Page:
Student excursions on RV Simon Stevin

Master bioscience engineering students boarded the research vessel Simon Stevin to experience and learn about North Sea ecology and the application of different sampling techniques. During the excursion, which is part of the course Aquatic and terrestrial ecology, the Van Veen grab, the Niskin carousel, the CTD instrument, a plankton net and a beam trawl were used at several stations in the North Sea. We would like to thank the VLIZ and the RV Simon Stevin crew for this wonderful experience.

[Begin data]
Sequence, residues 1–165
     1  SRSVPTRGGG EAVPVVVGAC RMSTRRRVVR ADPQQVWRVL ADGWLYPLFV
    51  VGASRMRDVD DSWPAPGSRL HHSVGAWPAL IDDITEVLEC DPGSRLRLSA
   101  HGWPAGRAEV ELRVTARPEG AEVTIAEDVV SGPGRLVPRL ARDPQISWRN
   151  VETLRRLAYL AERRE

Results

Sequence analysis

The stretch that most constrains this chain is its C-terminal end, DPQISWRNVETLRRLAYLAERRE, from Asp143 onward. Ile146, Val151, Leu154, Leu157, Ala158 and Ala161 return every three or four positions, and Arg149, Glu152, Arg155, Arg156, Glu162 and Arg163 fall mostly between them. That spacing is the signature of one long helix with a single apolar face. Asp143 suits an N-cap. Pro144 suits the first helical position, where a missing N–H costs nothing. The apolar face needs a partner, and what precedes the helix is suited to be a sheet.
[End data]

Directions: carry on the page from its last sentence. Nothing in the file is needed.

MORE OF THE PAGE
GhEnToxLab collaboration in video on EQS for metals

Eurometaux, the European non-ferrous metals association, and Arche Consulting produced a video on the Environmental Quality Standards (EQS) for metals. The EQS are essential to protect and sustain a good ecological and chemical quality of European surface waters. This deals within the objective of the water framework directive. Our lab collaborated in this production and a few lab members can be seen in the video.

Prof. Janssen explains the risk of neonics in the environment